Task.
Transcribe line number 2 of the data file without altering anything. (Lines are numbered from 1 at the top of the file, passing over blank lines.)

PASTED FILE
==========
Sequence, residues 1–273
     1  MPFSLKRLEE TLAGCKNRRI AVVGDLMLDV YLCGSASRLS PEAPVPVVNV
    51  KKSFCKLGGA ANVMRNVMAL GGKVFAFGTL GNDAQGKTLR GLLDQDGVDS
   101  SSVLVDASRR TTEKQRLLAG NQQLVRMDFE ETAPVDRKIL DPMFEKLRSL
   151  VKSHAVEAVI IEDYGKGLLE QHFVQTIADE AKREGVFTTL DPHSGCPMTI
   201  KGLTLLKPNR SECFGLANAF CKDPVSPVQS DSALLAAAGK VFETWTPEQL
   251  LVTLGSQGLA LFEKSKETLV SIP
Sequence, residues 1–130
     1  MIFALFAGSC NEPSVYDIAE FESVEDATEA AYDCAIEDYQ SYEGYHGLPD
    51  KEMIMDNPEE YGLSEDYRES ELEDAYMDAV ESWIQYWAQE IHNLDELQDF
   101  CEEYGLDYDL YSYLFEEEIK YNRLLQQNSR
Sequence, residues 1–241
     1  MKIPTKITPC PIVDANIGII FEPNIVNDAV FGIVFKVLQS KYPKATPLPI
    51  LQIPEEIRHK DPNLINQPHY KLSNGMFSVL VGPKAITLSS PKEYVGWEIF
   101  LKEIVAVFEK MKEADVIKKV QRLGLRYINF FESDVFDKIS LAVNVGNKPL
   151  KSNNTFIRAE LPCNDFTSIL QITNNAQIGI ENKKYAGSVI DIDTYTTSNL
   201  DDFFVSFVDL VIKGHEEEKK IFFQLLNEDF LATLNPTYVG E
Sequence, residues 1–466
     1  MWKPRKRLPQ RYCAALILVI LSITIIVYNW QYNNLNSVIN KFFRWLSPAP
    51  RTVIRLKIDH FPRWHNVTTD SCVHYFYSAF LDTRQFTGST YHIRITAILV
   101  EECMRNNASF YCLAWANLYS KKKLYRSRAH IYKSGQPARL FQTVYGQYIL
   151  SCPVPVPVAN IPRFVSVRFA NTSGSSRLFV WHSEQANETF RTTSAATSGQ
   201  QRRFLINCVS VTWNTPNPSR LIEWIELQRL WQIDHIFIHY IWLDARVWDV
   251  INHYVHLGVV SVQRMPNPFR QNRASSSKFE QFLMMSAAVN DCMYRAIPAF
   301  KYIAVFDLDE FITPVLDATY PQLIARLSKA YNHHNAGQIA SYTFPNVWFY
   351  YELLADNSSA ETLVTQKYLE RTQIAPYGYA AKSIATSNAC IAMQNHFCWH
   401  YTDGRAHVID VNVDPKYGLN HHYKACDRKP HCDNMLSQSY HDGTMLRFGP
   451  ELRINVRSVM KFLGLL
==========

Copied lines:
     1  MPFSLKRLEE TLAGCKNRRI AVVGDLMLDV YLCGSASRLS PEAPVPVVNV